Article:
The Conservatives are selecting fewer female candidates in winnable seats than the party did at the election in 2010, undermining attempts by David Cameron to solve the Tories’ “women problem”.
Research by The Independent shows that while the proportion of women selected as candidates for seats so far shows a slight increase on the percentage of women selected in 2010, the proportion of women chosen to fight in marginal seats that the party hopes to win looks set to drop.
So far, the Conservative party has selected 123 candidates to fight for seats at the 2015 general election. Of these, 43 are women (35 per cent) – up from just 24 per cent of candidates in 2010.
However, when it comes to key marginal seats – those with a majority less than 5 per cent, which the Conservatives will be desperate to claim to hold on to power – the statistics aren’t as encouraging.
Thirty-two candidates have been announced for these marginal seats so far, with only seven of them being female (21.9 per cent).
In contrast, the percentage of women chosen to compete for seats with a majority of less than 5 per cent in 2010 was 26.4 per cent – meaning the Conservatives are currently looking at a marked drop in female representation for these seats.
Of those candidates selected in seats where the current MP is standing down, 32 per cent are women – also below the average figure.
However, Conservative sources said they were making good progress in increasing female representation on its candidates list. They stressed there was not a direct correlation between those seats with small majorities and those on the party’s target list.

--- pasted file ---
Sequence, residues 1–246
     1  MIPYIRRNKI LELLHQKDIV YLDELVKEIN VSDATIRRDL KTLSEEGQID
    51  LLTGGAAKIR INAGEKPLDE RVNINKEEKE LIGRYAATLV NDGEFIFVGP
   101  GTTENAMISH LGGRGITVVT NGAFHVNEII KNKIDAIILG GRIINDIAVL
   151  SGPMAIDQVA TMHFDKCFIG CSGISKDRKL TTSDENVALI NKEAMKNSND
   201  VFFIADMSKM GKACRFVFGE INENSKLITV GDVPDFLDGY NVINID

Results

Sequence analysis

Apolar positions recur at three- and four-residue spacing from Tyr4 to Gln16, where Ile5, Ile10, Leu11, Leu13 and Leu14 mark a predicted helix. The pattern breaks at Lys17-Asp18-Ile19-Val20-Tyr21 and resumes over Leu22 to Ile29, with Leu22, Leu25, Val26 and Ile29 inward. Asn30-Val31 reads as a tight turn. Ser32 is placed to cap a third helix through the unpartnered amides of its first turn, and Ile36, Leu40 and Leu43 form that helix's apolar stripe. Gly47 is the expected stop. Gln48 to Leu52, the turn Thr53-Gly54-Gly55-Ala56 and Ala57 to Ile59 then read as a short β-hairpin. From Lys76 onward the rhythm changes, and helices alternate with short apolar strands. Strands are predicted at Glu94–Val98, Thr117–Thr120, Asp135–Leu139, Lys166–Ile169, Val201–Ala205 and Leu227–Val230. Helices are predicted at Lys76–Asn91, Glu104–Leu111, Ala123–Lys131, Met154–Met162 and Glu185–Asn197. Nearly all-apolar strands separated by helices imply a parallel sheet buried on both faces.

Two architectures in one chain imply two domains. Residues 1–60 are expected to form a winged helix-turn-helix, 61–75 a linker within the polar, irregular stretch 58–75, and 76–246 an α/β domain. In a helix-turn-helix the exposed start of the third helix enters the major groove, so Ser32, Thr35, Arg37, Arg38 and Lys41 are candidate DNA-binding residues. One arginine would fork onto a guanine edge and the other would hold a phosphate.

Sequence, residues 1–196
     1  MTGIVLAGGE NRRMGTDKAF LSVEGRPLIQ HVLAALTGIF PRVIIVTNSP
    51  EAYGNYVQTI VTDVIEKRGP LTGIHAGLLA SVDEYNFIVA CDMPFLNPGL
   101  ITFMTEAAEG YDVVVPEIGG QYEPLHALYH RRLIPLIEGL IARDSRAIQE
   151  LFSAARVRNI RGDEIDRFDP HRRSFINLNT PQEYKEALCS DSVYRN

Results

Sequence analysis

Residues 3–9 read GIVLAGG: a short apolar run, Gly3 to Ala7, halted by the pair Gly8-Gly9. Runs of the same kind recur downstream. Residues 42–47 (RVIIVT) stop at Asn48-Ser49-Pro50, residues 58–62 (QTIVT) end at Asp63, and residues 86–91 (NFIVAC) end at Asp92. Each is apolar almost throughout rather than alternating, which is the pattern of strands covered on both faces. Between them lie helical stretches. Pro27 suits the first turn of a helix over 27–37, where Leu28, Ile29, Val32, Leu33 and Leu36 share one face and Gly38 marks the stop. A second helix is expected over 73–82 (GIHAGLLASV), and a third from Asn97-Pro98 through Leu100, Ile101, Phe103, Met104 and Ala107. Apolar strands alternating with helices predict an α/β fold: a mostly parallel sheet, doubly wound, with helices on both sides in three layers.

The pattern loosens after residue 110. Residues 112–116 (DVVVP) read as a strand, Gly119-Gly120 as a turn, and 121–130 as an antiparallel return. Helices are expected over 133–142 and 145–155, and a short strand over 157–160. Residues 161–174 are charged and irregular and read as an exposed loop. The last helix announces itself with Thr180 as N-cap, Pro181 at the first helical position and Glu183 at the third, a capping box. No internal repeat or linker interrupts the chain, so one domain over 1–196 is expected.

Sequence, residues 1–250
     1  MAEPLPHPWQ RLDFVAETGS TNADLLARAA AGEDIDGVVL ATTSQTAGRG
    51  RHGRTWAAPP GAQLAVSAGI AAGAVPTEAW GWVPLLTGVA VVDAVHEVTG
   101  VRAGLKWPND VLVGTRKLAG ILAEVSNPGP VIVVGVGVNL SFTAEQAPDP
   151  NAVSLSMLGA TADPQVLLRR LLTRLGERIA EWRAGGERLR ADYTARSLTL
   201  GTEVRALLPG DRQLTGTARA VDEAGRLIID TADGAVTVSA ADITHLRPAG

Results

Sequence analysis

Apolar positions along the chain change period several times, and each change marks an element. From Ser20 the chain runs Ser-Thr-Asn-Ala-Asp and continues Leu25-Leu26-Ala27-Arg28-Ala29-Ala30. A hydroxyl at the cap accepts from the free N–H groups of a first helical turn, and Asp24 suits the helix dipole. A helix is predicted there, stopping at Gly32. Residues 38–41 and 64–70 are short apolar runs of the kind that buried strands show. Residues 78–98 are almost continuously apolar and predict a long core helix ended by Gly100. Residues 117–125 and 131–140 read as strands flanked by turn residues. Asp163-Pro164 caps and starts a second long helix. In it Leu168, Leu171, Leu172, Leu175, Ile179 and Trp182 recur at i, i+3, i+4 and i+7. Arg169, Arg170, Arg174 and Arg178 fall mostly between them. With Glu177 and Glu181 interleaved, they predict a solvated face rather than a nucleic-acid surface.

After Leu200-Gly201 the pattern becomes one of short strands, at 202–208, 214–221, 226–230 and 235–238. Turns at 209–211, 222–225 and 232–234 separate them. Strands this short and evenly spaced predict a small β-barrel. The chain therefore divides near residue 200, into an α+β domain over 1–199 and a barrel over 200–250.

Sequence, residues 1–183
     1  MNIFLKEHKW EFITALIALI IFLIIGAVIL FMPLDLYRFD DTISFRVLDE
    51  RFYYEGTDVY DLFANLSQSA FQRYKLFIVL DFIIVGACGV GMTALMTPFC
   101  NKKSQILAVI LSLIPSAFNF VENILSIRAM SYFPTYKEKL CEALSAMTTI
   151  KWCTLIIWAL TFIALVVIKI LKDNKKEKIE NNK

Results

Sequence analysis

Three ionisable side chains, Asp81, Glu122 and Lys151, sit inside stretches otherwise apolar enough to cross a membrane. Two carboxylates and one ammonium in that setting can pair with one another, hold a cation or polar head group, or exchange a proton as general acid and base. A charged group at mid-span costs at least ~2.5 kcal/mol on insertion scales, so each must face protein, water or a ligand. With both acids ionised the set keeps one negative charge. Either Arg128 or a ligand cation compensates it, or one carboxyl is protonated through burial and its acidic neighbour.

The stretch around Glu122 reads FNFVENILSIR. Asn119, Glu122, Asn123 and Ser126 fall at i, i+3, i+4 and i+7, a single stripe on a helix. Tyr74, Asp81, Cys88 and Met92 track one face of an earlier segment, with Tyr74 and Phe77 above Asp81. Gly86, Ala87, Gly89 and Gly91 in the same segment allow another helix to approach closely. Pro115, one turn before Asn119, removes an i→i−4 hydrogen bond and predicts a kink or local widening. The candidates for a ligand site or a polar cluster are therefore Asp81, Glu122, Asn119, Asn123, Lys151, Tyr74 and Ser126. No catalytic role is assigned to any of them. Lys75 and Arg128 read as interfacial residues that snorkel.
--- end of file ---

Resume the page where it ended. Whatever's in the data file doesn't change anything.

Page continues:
The Prime Minister has ordered party chairman Grant Shapps to get more women into winnable Tory seats. But while it appears this has been working to an extent, there is still a lack of women contesting the seats that are most winnable.
Daisy Sands, head of policy the Fawcett Society, a charity for women’s rights and equality, said that the lack of women contesting marginal seats represents a “missed opportunity” for any party.
“A general election is the most significant opportunity a party has to increase the number of women in Parliament,” said Ms Sands. “Failure to field a sufficient number of women to stand in marginal seats is a missed opportunity for all parties.
“However, concentrating women in marginal seats is not a reliable method of ensuring long-term change to the gender balance of Parliament. The parties must also ensure female candidates are prioritised for safe retirement seats which are likely to be safer in the long run.”
Privately Mr Cameron has become increasingly frustrated at his party’s local associations for failing to shortlist and then select more women when deciding on candidates, despite his repeated pleas.
There have been calls for the introduction of all-women shortlists – a method pioneered by Labour in the 1990s and one that remains deeply unpopular with some sections of the Conservative party.
The Prime Minister has said he would be “open” to such an approach, as has Liberal Democrats leader Nick Clegg – and Ms Sands believes such an idea could benefit all parties.
“When progress is so painfully slow, all parties must have a hard look at whether their current approach is working and, where necessary, consider the use of positive action measures such as all-women shortlists,” Ms Sands said.